Leaf tissues from these plants were collected and stained to quantify the number of stylet sheaths and eggs using AY-infected and uninfected leafhoppers. When two domesticated or wild plant species were presented together, similar numbers of uninfected aster leafhoppers were observed on both plant species in most combinations. In domesticated versus wild plant bioassays, AY-uninfected aster leafhoppers preferred to settle on the domesticated species. There was little to no association between settling preferences and stylet sheath and egg counts.

These findings provide a better understanding of AY epidemiology and suggest that after domesticated species germination, leafhoppers could move from nearby wild plants into the preferred cereals to settle on them, influencing the risk of AYp infection in some of these species. Through field surveys for AY symptomatic and asymptomatic biennial and perennial non-crop plants that were searched for and found reservoir plants that are the likely source of AYp infections acquired by migrating leafhoppers.

The research team also captured and tested early-season migrant leafhoppers as they arrived in Saskatchewan to determine how many of them were infected with AYp when they migrated. Surprisingly, the migrant generation had very low levels of infection, while several common plant species were harbouring AYp infections in the early spring and summer (alfalfa) and are likely acting as reservoirs for AYp in Western Canada.

Key outcomes

Aster yellows researchers are Berenice Romero and Sean Prager from the University of Saskatchewan and Tyler Wist from Agriculture and Agri-Food Canada discuss aster leafhoppers and the aster-yellows-causing phytoplasma they inject into canola.

● When given a choice between a crop (including canola and three cereals) and a non-crop (weedy plants common in field margins), aster leafhoppers preferred crop plants over weedy plants and this preference likely drives their movement into crops from field margins.
● AYp infection status of aster leafhoppers only influenced one of the studied preferences, indicating that infection with the phytoplasma likely does not have a strong effect on the behaviour or reproductive potential of the vector insect on the tested plants. The only preference shown was for AY-uninfected leafhoppers to preferentially settle on non-crop hosts, which may indicate a preference for plants where AYp infection can be acquired.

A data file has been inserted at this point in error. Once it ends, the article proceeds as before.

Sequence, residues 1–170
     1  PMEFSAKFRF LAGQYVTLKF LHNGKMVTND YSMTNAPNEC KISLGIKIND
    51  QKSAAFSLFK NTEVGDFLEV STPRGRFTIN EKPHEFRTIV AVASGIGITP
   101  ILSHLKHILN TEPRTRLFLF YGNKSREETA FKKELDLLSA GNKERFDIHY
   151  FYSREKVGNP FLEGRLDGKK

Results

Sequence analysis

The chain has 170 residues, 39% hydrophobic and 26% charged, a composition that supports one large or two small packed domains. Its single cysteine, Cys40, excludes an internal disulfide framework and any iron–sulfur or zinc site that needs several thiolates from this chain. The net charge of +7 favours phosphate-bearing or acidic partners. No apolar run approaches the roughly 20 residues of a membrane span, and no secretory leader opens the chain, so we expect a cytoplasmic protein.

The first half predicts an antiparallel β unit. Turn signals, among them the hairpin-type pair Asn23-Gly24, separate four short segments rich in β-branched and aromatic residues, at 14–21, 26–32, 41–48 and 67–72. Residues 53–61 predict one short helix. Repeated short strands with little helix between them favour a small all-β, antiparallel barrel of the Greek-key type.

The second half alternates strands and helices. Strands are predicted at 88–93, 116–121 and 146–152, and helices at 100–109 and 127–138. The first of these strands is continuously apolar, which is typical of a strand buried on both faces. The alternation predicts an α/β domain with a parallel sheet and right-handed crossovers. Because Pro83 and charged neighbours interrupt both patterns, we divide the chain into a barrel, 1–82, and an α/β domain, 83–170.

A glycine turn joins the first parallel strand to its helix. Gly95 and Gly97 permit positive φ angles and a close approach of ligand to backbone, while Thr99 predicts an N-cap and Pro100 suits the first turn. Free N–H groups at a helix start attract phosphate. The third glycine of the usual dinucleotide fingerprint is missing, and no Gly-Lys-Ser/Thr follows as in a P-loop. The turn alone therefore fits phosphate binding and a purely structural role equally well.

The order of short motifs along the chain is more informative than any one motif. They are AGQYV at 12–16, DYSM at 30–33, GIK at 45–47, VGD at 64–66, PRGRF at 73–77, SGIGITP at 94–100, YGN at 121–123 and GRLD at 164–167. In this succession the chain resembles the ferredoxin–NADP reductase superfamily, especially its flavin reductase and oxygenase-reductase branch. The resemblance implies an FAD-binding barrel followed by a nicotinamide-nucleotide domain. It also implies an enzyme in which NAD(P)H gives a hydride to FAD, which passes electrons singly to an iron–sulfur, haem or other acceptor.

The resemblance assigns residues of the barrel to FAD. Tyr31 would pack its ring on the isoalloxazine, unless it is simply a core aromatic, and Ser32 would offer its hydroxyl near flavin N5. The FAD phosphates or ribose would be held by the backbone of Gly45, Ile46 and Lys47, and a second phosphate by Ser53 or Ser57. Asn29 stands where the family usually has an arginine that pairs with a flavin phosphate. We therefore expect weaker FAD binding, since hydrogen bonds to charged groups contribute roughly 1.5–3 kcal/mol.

● Canola and sow thistle were poor reproductive hosts for aster leafhoppers, yet sow thistle was one of the plants identified as an AYp reservoir. Cereal plants and fleabane were very suitable for aster leafhopper oviposition and nymphal development. This suggests that prior to crop emergence, a plant species such as fleabane could act as a suitable reproductive and food choice for aster leafhoppers. However, in the presence of an additional plant species, fleabane and other weedy species are less preferred (for settling, probing, and ovipositing), indicating that little reproduction is happening on the dicotyledonous weeds in the field margins.

● Each year, the percentage of migrant leafhoppers arriving infected with AYp was very low, but several perennial and biennial plants harboured AYp infections in the spring and summer and are likely acting as reservoir plants for AYp infection of aster leafhoppers (alfalfa, sow thistle, stinkweed, dandelion).
● AYp infection studies of several plant species were conducted (Arabidopsis thaliana, barley, canola, dandelion, wheat, and sow thistle) and descriptions of resulting symptoms and pictures of non-symptomatic and AY-symptomatic plants are included for educational purposes.
● Several of the potential reservoir plants (such as dandelion and sow thistle) were tested in no-choice and two-choice assays. The presence of stylet sheaths and the settling of leafhoppers on these plant species strongly suggest that dandelion and sow thistle are part of the AY disease cycle.